What’s the most interesting (or unusual) thing you’ve done in the name of research for one of your books?
Visitors, come back tomorrow to read the great answer to this question and to learn more about Nancy and Chasing the Lion. Plus, answer her question here for your chance to win a copy of Chasing the Lion:

While I’m not the expert on gladiators that Dr. Kathleen Coleman or Andrew Wallace Hadrill are, ask me something about gladiators or their history. I’ll tell you what I know, and it might surprise you. Like it did me to learn rarely was a contest ever to the death.

Ask your question in the comments section and be sure to include your name and email address (spelling out ‘at’ and ‘dot’ to help cut down on spam, please). We’ll see you again tomorrow! 



8 comments:

Terri Wangard said...

Hi Nancy!
Were gladiators always forced to become such, or did some volunteer? (They would have to be nuts if they did.)
tlw131 [at] gmail [dot] com

Nancy Kimball said...

Hi Terri!
Many volunteered. I can't remember by what year more than 50% of the gladiators in the Empire were volunteers, but it was post-1st Century. These contract gladiators signed for a three year period. I agree it wasn't a good career move, but some were in so much debt, were retired legionaries with nowhere else to go or means of income, or wanted the fame. For a Roman citizen to do this, it was downright scandalous because gladiators ranked down there with actors in the social pecking order--at the bottom. Great question and good luck in the drawing!

Lisa Godfrees said...

We're there ever any female gladiators, Nancy?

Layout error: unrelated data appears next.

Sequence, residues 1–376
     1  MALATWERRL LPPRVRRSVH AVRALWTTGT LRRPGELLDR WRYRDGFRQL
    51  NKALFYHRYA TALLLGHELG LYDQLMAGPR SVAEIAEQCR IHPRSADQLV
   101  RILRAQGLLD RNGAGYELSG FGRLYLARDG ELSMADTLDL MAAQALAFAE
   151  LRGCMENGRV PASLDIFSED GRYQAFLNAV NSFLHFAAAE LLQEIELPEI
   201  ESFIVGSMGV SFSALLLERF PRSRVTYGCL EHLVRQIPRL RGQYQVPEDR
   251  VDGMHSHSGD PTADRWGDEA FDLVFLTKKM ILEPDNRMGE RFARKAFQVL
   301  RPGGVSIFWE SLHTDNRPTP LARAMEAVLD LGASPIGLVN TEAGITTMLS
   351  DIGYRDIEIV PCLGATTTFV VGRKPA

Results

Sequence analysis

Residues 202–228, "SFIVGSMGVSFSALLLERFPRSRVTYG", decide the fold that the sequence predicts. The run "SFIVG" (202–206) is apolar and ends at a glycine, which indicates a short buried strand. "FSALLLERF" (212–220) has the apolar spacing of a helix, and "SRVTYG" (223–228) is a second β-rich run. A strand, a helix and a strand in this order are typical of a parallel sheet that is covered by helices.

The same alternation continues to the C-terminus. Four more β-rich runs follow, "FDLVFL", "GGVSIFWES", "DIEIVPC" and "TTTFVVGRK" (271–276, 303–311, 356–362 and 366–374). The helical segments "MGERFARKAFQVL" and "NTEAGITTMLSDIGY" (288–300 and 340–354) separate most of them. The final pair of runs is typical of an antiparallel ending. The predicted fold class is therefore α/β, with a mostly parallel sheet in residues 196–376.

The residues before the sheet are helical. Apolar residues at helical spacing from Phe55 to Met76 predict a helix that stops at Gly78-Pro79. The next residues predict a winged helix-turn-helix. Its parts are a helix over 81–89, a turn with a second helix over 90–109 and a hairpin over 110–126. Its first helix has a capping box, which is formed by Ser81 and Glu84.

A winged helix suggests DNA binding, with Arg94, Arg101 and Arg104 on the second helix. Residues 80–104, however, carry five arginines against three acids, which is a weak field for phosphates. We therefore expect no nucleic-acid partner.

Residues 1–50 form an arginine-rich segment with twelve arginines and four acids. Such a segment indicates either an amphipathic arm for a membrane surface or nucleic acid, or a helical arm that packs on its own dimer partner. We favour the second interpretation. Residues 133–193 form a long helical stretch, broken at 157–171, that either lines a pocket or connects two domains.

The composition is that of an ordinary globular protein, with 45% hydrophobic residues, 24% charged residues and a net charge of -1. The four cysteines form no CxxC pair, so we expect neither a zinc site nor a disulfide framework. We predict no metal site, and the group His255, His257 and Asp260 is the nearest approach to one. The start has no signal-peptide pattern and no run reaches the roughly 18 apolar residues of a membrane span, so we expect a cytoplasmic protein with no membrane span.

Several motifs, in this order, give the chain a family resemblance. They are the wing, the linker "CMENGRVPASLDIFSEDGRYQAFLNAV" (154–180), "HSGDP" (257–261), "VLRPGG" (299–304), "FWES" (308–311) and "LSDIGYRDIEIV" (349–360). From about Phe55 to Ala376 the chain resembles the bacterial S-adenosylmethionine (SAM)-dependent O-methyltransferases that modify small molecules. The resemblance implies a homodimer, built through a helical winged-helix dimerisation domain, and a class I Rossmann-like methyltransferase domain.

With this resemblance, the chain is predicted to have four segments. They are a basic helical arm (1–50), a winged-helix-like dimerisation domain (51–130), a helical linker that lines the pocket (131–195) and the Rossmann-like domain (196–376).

Nancy Kimball said...

Great question, Lisa, and yes there were. We have both historical writings, and historical artifacts that support this. Bones of female skeletons found among the male skeletons in confirmed gladiator burial sites that had similarities to their male counterparts such as weapon scoring of the bones consistent with gladiatorial combat. The British Museum also has a marble relief recovered from the first or second century depicting female gladiators. And historical writings from several period sources make reference (most of them bad references) to them. It would seem this was more prevalent under the tyrant Caesars like Nero and Domitian. Domitian was known to make dwarfs fight female gladiators, which is probably part of why my hero knew it was time for him to go! =) Good luck in the drawing!

Angi said...

Hey Nancy! I was wondering if Gladiators had a "retirement age", provided they lived long enough to actually retire? No need to enter me in the drawing. I've read "Chasing the Lion" and it is amazing! :)

Nancy Kimball said...

Great question, Angi, and honestly, I'm not sure. That would be something I'd have to dig into but it didn't come up in my research. That may be because the mortality rate was so high. I do know that freed/former gladiators usually became lanistas themselves or body guards to the wealthy. Thank you for your shout out on Chasing the Lion. I'm a very proud book mama!

Gretchen E.K. Engel said...

Were there ever child gladiators?

Nancy Kimball said...

If so, Gretchen that was lost to history but my gut tells me no. Reason being I feel the period writers that held a critical view of gladiatorial combat, like Seneca (4 BC-AD65) would have made reference to it.

Because of the high-mortality rates in child-birth and early years, children were highly valued (the males more so because of having a legal heir for property and name) and slave children sold for premiums because of their longer life expectancy, and sadly because in a culture rife with debauchery, for reasons that mirror the sex slave-trade today.

In Roman society, age 15 was adulthood and it was not unusual for girls to be betrothed at 13 and married at 15. Several of the archeological finds of gladiator grave yards indicate teenagers, which totally breaks my heart (like Jelani's character in Chasing the Lion).